I hate to shop. I especially dislike it during the holidays. But if any store at the mall had a sale on these new e-textiles, I might consider going. This electronic cloth, interwoven with microelectronics, serves as a large detection array that pinpoints sources of faint sounds. Co-investigators Robert Parker and Mark Jones at the University of Southern California School of Engineering's Information Sciences Institute in Los Angeles, CA, embedded arrays of small, standalone detectors into fabrics that communicate with each other by wires. Existing prototype fabrics have discrete electronics attached after the normal weaving process, says Parker. But the goal is to eventually produce individual yarns that provide an electronic function such as a battery power source or a transistor array; a sensor of environmental conditions such as temperature or airborne toxins; or an actuator such as a synthetic muscle. In the immediate future, Parker expects these fabrics to be sewn into parachutes or tents for the military where they could be used for surveillance missions or to detect distant vehicles moving on battlefields. "These yarns are conceived to be very thin and flexible and able to be woven into the cloth on a loom in a standard high-volume cloth manufacturing process," says Parker. The type of fabric chosen would be determined by its final use and could vary from cottons for shirts to heavy canvas or Kevlar for heavy-duty military applications. "Although early work focuses on acoustic sensing, think of future wearable fabrics with integrated cell phones, navigation systems, or personal warning systems," says Parker. "Think of your shirt or slacks 'interacting' with the environment as you pass through it. Think of walking into a mall and your shirt tells you where you can get that special gift item that has been on your 'must get' list for months." Now that may be enough to even get me into the malls! For more information, contact: Robert Parker by FAX at (703) 812-3712 or e-mail: email@example.com.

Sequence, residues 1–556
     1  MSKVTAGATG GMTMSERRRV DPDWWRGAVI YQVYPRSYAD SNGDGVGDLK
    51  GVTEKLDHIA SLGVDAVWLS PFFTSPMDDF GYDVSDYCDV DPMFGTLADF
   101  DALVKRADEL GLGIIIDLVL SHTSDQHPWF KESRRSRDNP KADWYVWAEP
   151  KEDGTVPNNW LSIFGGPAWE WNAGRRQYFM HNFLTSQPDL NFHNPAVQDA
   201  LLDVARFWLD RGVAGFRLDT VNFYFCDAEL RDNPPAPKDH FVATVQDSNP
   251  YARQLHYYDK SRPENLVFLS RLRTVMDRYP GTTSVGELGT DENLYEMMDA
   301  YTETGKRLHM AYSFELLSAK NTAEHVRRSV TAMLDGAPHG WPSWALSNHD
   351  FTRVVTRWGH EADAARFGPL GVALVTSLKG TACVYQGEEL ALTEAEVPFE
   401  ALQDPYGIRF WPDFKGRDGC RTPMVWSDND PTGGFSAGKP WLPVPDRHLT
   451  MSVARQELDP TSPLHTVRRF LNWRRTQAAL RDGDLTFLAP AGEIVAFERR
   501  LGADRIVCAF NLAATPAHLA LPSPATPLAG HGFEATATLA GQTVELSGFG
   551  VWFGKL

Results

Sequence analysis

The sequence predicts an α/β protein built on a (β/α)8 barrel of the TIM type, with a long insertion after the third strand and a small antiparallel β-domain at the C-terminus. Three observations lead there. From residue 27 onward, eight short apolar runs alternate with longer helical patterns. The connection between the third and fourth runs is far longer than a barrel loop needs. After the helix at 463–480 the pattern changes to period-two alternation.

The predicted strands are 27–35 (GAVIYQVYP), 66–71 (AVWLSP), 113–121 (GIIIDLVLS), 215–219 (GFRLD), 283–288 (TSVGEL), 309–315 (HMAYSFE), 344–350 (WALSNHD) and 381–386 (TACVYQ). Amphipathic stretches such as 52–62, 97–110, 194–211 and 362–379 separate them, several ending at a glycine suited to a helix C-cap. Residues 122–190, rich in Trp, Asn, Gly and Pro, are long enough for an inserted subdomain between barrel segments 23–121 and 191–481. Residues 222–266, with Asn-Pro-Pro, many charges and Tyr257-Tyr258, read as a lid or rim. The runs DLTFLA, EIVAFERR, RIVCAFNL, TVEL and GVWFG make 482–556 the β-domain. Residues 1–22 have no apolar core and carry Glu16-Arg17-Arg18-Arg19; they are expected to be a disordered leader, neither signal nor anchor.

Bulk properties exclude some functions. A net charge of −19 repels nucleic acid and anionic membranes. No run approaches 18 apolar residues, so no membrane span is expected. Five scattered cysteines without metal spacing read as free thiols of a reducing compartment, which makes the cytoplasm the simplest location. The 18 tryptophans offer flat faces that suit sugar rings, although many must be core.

The company says it anticipates high-definition video for home security and other uses will be the next mature technology integrated into the IoT domain, hence the introduction of its MatrixCam devkit.
Siemens and Georgia Institute of Technology are partnering to address limitations in the current additive manufacturing design-to-production chain in an applied research project as part of the federally backed America Makes program.
Most of the new 3D printers and 3D printing technologies in this crop are breaking some boundaries, whether it's build volume-per-dollar ratios, multimaterials printing techniques, or new materials types.
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